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Factors Contributing to Improved Teaching Performance
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Factors Contributing to Improved Teaching Performance

Author: Whitney Ransom McGowan Affiliation: Instructional Psychology and Technology, Brigham Young University, Provo, UT, USA; Charles R Graham Affiliation: Instructional Psychology and Technology, Brigham Young University, Provo, UT, USA
Edition/Format: Article Article : English
Publication:Innovative Higher Education, v34 n3 (200908): 161-171
Other Databases: WorldCatWorldCatWorldCatAcademic Search Complete
Summary:
This article focuses upon the quality and scholarship of teaching as it pertains to educational and faculty development. We outline what more than 200 faculty members at one institution have done over a 3-year period to make significant and sustained improvements in their teaching, surprisingly with minimal effort. The top three factors leading to improvement were active/practical learning, teacher/student  Read more...
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Details

Document Type: Article
All Authors / Contributors: Whitney Ransom McGowan Affiliation: Instructional Psychology and Technology, Brigham Young University, Provo, UT, USA; Charles R Graham Affiliation: Instructional Psychology and Technology, Brigham Young University, Provo, UT, USA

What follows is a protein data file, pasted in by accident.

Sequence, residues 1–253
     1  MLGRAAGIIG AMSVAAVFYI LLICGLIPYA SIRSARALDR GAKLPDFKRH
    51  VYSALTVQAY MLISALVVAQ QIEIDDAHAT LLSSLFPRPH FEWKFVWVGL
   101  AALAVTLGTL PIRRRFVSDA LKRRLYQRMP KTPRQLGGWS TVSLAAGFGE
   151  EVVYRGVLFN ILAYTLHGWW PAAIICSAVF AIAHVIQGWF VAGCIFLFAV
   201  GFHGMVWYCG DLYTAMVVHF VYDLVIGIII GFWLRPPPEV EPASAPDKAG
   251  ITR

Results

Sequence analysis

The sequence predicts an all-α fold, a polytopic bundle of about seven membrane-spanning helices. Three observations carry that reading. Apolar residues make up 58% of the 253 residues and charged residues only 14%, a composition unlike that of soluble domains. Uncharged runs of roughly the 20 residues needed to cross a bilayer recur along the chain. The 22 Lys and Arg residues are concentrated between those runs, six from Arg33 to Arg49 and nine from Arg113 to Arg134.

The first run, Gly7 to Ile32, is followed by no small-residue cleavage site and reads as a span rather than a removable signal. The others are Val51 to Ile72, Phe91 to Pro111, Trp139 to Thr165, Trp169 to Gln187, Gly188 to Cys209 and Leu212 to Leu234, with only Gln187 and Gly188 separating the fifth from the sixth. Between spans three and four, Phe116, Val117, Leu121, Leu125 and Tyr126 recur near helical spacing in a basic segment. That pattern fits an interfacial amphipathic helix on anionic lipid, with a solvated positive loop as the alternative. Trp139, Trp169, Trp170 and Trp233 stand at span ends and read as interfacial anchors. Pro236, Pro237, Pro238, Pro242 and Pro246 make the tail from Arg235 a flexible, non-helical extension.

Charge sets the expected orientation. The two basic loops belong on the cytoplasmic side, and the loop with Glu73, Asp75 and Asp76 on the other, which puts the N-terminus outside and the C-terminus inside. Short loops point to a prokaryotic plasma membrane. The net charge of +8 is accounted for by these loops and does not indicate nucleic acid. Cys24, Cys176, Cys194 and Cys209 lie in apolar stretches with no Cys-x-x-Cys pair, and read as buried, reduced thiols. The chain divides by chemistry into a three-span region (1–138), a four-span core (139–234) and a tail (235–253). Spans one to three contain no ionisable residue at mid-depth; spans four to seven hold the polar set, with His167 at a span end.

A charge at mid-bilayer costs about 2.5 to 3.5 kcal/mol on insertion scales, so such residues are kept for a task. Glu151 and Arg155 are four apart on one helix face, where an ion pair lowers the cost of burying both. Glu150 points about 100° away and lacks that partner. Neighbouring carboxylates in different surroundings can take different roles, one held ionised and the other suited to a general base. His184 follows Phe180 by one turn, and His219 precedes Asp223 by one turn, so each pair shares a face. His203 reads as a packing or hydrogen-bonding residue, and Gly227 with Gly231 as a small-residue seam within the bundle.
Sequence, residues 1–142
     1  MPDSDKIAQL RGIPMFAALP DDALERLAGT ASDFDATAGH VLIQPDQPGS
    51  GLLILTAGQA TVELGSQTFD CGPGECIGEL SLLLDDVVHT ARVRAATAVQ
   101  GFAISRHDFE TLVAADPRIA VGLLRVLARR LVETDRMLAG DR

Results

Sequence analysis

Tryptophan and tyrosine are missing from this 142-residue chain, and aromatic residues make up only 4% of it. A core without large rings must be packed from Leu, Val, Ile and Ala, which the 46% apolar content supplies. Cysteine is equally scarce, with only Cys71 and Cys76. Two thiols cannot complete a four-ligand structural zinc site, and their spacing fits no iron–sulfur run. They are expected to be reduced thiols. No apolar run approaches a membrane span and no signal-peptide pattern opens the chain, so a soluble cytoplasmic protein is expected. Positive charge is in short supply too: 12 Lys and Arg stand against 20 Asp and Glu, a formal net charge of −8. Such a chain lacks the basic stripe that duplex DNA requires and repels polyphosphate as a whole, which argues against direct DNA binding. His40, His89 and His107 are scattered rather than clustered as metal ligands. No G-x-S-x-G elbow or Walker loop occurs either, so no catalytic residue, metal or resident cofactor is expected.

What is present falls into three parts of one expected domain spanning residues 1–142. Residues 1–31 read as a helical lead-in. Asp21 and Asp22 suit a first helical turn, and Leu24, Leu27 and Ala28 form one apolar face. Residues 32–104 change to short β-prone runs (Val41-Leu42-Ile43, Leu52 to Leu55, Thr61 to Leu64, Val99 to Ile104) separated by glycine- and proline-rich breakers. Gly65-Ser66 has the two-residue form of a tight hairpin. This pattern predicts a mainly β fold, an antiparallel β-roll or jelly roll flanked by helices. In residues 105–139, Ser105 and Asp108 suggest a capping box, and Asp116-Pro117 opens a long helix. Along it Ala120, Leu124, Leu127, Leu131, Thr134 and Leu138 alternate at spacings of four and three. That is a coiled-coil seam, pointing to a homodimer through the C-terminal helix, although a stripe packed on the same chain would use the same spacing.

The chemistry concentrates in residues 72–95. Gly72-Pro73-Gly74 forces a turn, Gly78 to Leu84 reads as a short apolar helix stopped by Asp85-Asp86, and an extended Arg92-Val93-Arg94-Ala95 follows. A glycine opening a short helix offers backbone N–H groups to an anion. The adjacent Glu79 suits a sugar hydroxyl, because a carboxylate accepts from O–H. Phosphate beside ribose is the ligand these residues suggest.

ISSN:0742-5627
DOI: 10.1007/s10755-009-9103-6
Language Note: English
Unique Identifier: 5659504864
Notes: is a Ph.D. candidate at Brigham Young University (BYU), and she received an M.S. degree in Instructional Psychology & Technology from BYU. She is currently a research assistant for the Assistant to the Academic Vice President at BYU and also performs research at the Center for Teaching & Learning. She can be contacted at whitney.ransom@gmail.com.
is an Associate Professor of Instructional Psychology and Technology at Brigham Young University with a focus on technology-mediated teaching and learning. Graham received his Ph.D. in Instructional Systems Technology from Indiana University. He received his M.S. degree in Electrical and Computer Engineering from the University of Illinois and his B.S. degree in Electrical and Computer Engineering, from BYU. He is particularly interested in studying the design and evaluation of blended learning environments. He can be contacted at charles_graham@byu.edu.
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Abstract:

This article focuses upon the quality and scholarship of teaching as it pertains to educational and faculty development. We outline what more than 200 faculty members at one institution have done over a 3-year period to make significant and sustained improvements in their teaching, surprisingly with minimal effort. The top three factors leading to improvement were active/practical learning, teacher/student interactions, and clear expectations/learning outcomes. We provide practical applications for change and suggestions for future research.
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